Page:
The relationship with Jordana is convincingly and sweetly portrayed despite its unconventional nature. Few romances take in singeing leg hairs with matches or setting off fireworks in bins, but it feels genuine and heartfelt. When things take a dramatic turn and both Jordana’s vulnerability and Oliver’s unwitting cruelty are exposed, the audience is left shocked but never alienated by events. Similarly, when the threat of the absurdly coiffed Graham (a brilliant character essayed by the most brilliant Considine, one of our favourite actors) becomes more potent, Oliver’s response to it and the film around it are taken seriously, but retaining an appropriate level of humour. The young boy’s drug fuelled attempt at avenging Graham’s presumed home wrecking is a great scene, as is Hawkin’s matter of fact explanation to her son what precisely happened between her and the bizarre self-help guru. Throughout the film the beautiful soundtrack of original songs from the Arctic Monkeys frontman Alex Turner complete the picture of a fantastic, funny, truthful and emotionally rewarding film. Detractors attacked the film for its debt to Wes Anderson’s work (Philistines that we are, we are yet to seek out his work) but that would ignore the freshness, lightness of touch and all round brilliance of Submarine in what is, aside from music videos and television episodes, a first directorial outing. With it Ayoade has singled himself out as a talent to be reckoned with, and we look forward to his next effort with great interest, and possibly a bit of jealousy thrown in too.

3. THE TREE OF LIFE d: Terrence Malick

Terrence Malick is nothing short of legendary in filmmaking circles, the movie equivalent of Bigfoot or the Abominable Snowman. The lengthy gestation periods of his projects and long gaps between productions are now mythical; in a directorial career spanning almost forty years, he has released only five films to date. For the past few years the industry jungle drums beat with the sound of a new Malick project, much-anticipated, often delayed, such are the vagaries of the Great Man’s progress. With the arrival of that film, The Tree of Life, his first film in six years since The New World, people waited with bated breath. Would it be a transcendental experience supplied by an artist of film? Or would it be some impenetrable mumbo-jumbo and pseudo-intellectual nonsense with lots of close-ups of Malick’s beloved trees?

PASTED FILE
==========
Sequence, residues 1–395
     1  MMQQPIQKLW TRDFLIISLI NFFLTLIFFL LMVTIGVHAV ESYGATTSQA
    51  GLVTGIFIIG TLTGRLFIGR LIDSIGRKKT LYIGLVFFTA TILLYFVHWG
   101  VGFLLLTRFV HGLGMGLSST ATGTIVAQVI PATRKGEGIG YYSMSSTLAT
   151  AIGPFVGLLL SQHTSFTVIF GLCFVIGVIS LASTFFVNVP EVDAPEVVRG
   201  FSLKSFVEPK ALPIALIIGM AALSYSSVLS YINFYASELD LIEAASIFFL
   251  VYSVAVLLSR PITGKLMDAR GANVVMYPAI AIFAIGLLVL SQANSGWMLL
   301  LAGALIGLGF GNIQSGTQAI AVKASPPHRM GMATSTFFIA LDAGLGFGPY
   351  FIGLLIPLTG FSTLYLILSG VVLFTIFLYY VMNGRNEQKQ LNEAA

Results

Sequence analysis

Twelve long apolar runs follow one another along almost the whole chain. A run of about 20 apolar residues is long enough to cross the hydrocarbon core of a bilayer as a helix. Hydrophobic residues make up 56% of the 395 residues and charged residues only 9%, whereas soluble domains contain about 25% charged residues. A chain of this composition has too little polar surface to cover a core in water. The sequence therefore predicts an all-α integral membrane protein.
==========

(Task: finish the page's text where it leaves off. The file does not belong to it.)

Well the film’s presence on this list should be an indication of which side our cinematic bread is buttered. The Tree of Life is a profound and moving piece, one that in this writer’s mind may be Malick’s greatest work yet. The film practically defies categorisation or summary, such is its lyrical, almost poetic structure (that sounds unspeakably highfalutin, but sorry fellas, it’s true) The narrative, such as it can be pinned down, concerns the O’Brien family, headed by overbearing patriarch Brad Pitt and his wife Jessica Chastain, in 1950s Texas. In the present day their son Jack (Sean Penn) reflects on his childhood (where Jack is played by Hunter McCracken) and loss of innocence. This really is the best we can manage by way of encapsulating the film’s story, one that takes in themes of unfulfilled ambitions, God-given grace versus the power of nature, family grief and the origins of the universe itself. It is an extraordinary achievement, one that is difficult to put cohesively into words.

The memory like structure, where a remembrance triggers another memory that leads to something else, is expertly handled, beautifully aided by Malick’s eye for abstract details, like a hand, or light coming in through a window. The scope of the film is breathtaking, straddling the dawn of time, the mid 20th Century and the present and possibly the afterlife. But while to some this will sound (or even be) pretentious, this writer would respectfully contend that is not so. As grand and overblown as some of this sounds, it is justified totally due to the emotion permeating the film. By coupling these meditations on divinity, humanity and so on with something so relatable and universal, the unbearable grief of losing a loved one too soon, Malick is able to take us where we will follow. These themes are ones he has addressed before in his work, such as The Thin Red Line, but for us the theorising on grace, the natural world and man’s place in it e.t.c. fell flat as a war film did not feel like the appropriate vehicle to have those discussions organically; instead it just slowed up and distracted from a compelling enough tale about the horrors of war. The Tree of Life by contrast binds those questions into the questioning we all ask when such terrible things happen, and so is as emotionally rewarding as it is visually sumptuous. As it is also a semi autobiographical piece (Malick, like Jack, lost a brother at a young age) it feels truthful and painful as it should. The childhood memories feel authentic, and makes the viewer consider their own childhoods, which adds to its power.